–by Vicki Contie

Follow this blog to read more about the history of the Truby farmhouse and its environs. More stories will come!  And as always, you can help to preserve our local history by joining and/or donating to the awesome Apollo Area Historical Society, where dedicated volunteers work hard to keep our history alive.

BTW, Happy 50th Anniversary of the Apollo 11 Moonlanding!!!


  1. Such a sad time…..I have my memories of the house and have enjoyed writing a Christmas novel set there. (With some architectural deviations, of course.) I hope that you will share more stories of the rooms and times spent there. Houses are such blessings to families!

    Liked by 1 person

    1. Hi Alice, I’ve enjoyed reading your memories of houses & places. Can you tell me more about your novel? Is it something you’re working on now, or already published? Thanks for your comments!


      1. Needs some work. I added a bedroom but still one bath. I did include a baby grand piano like the Adam’s family had.
        I am so sorry I moved so far away…I would have loved to live in this special house.


      2. Hey! I wanted to tell you Vicki that we are loving the home! It couldn’t have been any better for us! Carter is learning new things every day and making our family memories with him every day. This house has so much love for us and I can’t tell you how happy I am to have been the next owners!!!! I am curious of this novel, was it written about the truby home?


      3. Candis, my novel is a holiday story set within the house. I need to do some work on it (still!) and hope to have a presence with Amazon in the near future. I hadn’t been in the house for decades, but as most older homes do, it left a beautiful impression. When I was last there, the walls were papered with something I’d think was of a 40s style. The entrance was straight from an old black and white movie. And I always wanted to slide down the banister, ending safely at the bottom where it curves. I grew up in the neighborhood. I was blessed to be there. I hope that you enjoy the neighborhood as much as I did!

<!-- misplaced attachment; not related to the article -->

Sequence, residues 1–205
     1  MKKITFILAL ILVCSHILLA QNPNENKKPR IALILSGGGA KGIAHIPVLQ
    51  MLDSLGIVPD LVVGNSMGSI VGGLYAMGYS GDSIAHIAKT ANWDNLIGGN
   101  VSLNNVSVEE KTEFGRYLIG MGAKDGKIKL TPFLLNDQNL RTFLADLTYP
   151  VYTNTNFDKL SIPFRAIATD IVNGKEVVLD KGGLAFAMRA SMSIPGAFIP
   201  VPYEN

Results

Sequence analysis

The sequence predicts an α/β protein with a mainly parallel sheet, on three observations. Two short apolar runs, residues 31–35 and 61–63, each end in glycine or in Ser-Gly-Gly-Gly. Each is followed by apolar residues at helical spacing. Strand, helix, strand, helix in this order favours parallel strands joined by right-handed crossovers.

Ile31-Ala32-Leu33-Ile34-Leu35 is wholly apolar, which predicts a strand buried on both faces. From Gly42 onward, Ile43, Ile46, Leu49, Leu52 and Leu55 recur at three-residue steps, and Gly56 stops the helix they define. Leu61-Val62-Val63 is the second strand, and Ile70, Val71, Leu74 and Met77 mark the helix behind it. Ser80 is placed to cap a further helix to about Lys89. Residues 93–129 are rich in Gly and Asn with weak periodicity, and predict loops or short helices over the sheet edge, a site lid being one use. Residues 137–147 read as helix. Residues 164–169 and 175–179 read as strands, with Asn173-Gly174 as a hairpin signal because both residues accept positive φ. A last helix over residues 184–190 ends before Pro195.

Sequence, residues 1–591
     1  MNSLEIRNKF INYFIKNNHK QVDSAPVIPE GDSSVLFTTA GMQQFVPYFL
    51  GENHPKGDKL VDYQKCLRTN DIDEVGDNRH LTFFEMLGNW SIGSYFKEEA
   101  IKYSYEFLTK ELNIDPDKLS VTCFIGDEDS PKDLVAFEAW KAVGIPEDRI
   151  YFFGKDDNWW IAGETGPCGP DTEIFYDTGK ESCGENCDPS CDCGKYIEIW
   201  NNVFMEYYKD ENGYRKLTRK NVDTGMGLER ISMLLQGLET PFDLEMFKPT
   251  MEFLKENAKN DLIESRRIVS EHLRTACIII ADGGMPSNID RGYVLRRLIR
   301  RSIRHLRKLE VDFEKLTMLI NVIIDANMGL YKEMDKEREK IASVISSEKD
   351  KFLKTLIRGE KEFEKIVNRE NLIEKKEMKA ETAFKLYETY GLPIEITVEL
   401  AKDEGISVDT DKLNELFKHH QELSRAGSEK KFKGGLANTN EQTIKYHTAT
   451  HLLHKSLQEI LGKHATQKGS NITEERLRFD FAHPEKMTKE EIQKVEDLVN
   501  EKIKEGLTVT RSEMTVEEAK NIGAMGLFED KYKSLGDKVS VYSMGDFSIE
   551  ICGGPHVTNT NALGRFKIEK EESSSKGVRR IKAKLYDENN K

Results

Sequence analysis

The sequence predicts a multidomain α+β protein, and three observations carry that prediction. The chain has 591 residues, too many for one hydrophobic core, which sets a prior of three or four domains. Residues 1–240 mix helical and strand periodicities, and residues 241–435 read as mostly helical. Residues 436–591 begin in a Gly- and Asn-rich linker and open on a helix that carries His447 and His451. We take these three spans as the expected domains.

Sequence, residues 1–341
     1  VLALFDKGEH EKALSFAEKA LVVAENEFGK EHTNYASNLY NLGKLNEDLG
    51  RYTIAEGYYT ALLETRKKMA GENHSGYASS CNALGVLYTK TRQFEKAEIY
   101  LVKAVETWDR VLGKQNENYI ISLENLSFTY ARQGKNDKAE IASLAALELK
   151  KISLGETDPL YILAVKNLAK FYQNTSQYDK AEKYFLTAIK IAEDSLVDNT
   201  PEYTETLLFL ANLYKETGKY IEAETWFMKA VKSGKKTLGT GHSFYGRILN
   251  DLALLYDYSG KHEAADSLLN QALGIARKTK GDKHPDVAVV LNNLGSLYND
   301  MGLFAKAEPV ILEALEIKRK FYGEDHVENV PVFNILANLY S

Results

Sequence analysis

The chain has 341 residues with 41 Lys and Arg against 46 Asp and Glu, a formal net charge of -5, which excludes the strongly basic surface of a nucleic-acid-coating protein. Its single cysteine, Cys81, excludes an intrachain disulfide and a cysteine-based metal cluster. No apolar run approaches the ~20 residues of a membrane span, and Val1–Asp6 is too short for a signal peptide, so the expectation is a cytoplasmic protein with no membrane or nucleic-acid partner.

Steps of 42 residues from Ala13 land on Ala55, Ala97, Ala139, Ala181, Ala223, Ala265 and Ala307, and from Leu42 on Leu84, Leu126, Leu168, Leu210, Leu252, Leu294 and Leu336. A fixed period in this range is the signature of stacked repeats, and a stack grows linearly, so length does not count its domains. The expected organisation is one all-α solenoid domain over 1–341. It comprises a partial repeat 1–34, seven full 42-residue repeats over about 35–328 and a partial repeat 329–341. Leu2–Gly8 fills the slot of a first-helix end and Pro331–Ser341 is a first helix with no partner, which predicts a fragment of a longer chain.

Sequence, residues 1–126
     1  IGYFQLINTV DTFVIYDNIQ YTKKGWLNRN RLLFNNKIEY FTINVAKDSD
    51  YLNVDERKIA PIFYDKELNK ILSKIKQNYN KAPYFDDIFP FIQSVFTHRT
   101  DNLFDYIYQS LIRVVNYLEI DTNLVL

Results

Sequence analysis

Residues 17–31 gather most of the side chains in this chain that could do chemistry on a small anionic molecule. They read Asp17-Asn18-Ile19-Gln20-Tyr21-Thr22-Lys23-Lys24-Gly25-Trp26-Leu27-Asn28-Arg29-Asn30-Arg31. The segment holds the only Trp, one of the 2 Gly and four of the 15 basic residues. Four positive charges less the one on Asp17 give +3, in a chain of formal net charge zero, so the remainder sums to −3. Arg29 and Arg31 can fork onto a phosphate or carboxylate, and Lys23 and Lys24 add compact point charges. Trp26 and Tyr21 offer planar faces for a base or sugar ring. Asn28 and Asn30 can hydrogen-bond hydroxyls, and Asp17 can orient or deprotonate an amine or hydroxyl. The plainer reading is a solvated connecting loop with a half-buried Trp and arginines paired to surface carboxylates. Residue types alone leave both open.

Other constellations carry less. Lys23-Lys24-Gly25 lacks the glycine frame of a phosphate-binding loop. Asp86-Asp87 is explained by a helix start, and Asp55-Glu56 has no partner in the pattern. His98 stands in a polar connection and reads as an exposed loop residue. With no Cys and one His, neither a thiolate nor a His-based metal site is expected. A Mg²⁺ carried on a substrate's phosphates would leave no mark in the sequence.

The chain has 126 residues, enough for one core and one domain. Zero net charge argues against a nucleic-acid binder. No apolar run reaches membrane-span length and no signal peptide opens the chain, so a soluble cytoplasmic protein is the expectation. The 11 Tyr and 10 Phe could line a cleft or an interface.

2. Hi Vicki,
    I just want to say that I’ve truly enjoyed following your blog on the Simon Truby and the Truby Farm over these past couple years. I learned a lot about the Truby’s of that area and time, and oddly must admit that until your blog I’d known nothing at all about them. Stranger still, in that I am a Truby who grew up in Leechburg and Allegheny Township (R.D. Apollo). Seems my clan of Truby’s was from New Kensington and Washington, PA. I moved away in the late 60’s, and currently reside in Texas.
    Let me say too that I’m very sorry to hear of your Mother’s passing. The pictures of the house certainly are a testament to her care and devotion to the home. I hope the sale closes successfully for you and that you’ll maintain the memories.
    Best wishes, and thanks again for sharing this story!

    Liked by 1 person

    1. Hi Thomas, Your comment really made my day! Thank you for your kind words and condolences. And I’m delighted to hear that you’re learning things you’d never known about the Trubys of the Kiski valley. Me too! I’m curious if you know which Truby line you’re descended from. Apollo’s farmer Simon Truby had 2 brothers who lived in along Lover’s Leap Lane in Gilpin Twp. near Leechburg. One brother was Capt Henry Truby, & the other was John Truby. Other brothers were George, John, & Marshal. Do you think you’re descended from any of these brothers born in the early 1800s? I haven’t yet researched where all of Simon Truby’s siblings had ended up. Thanks again for the well wishes!


  3. Vicki,
    Just saw your post on the Apollo website. My great grandmother was a Truby, I don’t know much more about her except she lived in the lower part of town. My grandmother’s name was Mary, her sister was Gladys. My grandmother was married to LeRoy Baer–I saw that last name mentioned in a post. Somewhere I saw you lived in Ellicott City–I live in Columbia.

    Liked by 2 people